Don’t insist, maybe Kickstarter isn’t the way to go anymore
I look at my backing story on Kickstarter, where I usually contribute (or sponsor as they say) to every Spanish video game project I know of, and I see nothing but canceled campaigns. Then I check DeVuego’s email account or social media and see more and more projects that have just started, are planning or planning a Kickstarter campaign.
Exorbitant goals, bad advertising campaigns, unattractive projects or maybe the platform collapsed. It doesn’t help much that world-renowned names have used crowdfunding as a means to execute the whims that the big publishers wouldn’t allow. Hopefully it served as a wake-up call for the big companies to finally find the missing money (because with their funding campaign they would certainly not even get half of the development) to move forward, but along the way they have perverted the platform and the – perhaps deceptive – notion that crowdfunding is for those who are starting out and have no other option to get sufficient funding to move forward.
It also doesn’t help that many saw Kickstarter (or similar, but still the flagship crowdfunding platform) as a way to raise huge sums of money – in its early days – to fund absurd, ill-organized, or downright bogus funding. And I’m not talking about crazy things like the famous potato salad, I’m talking specifically about video games. We’ve all witnessed the madness of independent video games getting paid for thanks to “Kickstart,” and we’ve all more or less contributed to this fad saturating the platform and causing hundreds of studios — or groups of people — to shut their doors crowded until a stopper was created that eventually blocked the contributions of those of us who had kindly opened that door of patronage – or gift pre-sale, more often than not.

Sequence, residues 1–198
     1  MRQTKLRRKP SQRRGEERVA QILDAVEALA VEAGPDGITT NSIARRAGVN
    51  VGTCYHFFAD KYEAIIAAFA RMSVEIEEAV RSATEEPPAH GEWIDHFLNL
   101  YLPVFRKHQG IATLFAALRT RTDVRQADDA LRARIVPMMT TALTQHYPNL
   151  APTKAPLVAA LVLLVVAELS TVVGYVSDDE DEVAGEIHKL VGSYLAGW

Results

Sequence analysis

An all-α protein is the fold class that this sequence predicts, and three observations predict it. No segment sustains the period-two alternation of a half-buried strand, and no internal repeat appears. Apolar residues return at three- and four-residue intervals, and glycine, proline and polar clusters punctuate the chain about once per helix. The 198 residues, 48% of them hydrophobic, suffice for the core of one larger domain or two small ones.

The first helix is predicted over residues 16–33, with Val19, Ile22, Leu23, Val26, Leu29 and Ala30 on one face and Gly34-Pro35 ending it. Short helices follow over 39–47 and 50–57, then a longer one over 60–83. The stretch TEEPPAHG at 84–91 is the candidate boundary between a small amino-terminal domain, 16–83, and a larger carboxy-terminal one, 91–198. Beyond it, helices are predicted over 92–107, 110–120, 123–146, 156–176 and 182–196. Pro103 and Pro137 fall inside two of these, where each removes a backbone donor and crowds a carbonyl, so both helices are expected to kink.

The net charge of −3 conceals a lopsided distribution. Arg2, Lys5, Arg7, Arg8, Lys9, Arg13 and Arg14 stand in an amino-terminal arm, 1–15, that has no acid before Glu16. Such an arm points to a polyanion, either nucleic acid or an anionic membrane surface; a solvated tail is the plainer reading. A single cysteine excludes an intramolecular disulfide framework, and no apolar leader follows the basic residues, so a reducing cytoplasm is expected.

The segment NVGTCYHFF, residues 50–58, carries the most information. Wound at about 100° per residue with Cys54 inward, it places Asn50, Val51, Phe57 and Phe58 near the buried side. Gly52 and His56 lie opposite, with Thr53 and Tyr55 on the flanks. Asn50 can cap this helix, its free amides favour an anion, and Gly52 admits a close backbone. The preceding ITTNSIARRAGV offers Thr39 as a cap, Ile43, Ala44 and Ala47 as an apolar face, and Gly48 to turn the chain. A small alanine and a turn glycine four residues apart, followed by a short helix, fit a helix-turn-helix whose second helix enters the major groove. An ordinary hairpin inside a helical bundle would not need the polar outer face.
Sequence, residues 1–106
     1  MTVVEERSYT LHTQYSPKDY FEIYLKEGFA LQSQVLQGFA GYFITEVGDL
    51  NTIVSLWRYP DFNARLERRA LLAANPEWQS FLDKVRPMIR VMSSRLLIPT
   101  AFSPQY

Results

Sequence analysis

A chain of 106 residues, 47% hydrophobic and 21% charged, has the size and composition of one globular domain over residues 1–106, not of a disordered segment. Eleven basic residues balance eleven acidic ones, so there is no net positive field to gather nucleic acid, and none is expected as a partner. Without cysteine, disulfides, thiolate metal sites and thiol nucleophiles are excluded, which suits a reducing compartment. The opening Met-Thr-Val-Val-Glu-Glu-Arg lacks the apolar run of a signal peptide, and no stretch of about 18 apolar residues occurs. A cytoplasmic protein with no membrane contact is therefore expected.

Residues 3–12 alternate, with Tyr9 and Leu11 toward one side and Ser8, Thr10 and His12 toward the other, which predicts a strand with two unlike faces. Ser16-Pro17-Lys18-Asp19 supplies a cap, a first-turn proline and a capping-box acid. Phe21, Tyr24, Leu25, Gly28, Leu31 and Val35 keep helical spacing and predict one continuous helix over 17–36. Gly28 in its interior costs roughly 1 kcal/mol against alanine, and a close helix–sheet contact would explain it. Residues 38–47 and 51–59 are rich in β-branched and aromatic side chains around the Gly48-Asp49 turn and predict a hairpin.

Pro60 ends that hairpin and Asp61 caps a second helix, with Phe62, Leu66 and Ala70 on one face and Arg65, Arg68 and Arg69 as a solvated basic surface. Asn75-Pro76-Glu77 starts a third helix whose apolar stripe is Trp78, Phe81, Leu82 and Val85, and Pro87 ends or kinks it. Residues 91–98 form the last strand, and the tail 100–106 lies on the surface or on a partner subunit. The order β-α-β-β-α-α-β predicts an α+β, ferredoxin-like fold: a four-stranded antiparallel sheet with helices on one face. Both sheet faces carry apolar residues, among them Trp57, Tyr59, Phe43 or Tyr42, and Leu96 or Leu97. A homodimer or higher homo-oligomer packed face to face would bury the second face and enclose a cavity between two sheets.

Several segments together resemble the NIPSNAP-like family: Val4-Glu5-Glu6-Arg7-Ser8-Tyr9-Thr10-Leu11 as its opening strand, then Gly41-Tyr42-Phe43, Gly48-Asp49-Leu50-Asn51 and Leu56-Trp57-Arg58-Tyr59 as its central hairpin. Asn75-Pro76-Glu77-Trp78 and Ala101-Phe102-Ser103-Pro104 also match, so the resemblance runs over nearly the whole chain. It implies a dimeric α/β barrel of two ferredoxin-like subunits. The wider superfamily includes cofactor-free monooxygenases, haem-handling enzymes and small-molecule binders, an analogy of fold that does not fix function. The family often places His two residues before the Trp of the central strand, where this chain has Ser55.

The fact is that at the moment I don’t see many opportunities to realize Spanish video game projects through this system. Even those who seem to have started out with more vigor – look at popularity and experience – have been left at the gates of a funding target that’s clearly growing more humble among those who start their campaigns with a little more brains than the rest. And yet I still see exorbitant goals when we consider how the situation is at the moment.
So I’m wondering why I see new projects trying to get funded on Kickstarter week in and week out. I don’t know if the proponents are unaware of this situation, if they are confident or hope that they will be the exception, or if it is outright ignorance guiding these efforts. I believe the only way to get anything positive from Kickstarter is to stop seeing it as a form of global funding for the project and more as a small economic boost for the project while also being a form of important publicity is – everything The studies that fail highlight positive aspects of the experience, like the great promotion that the mere fact of campaigning means for your game, and a marketing exercise that the vast majority of studios undoubtedly need.
Don’t get me wrong, I wish the best for each and every one of the Spanish projects that decide to kickstarter and both personally and from this site we will continue to support them as humbly as possible, but I think a change in approach is needed is if you use this platform – or this funding tool in general – or directly look for other tools to make this idea a reality. Luck.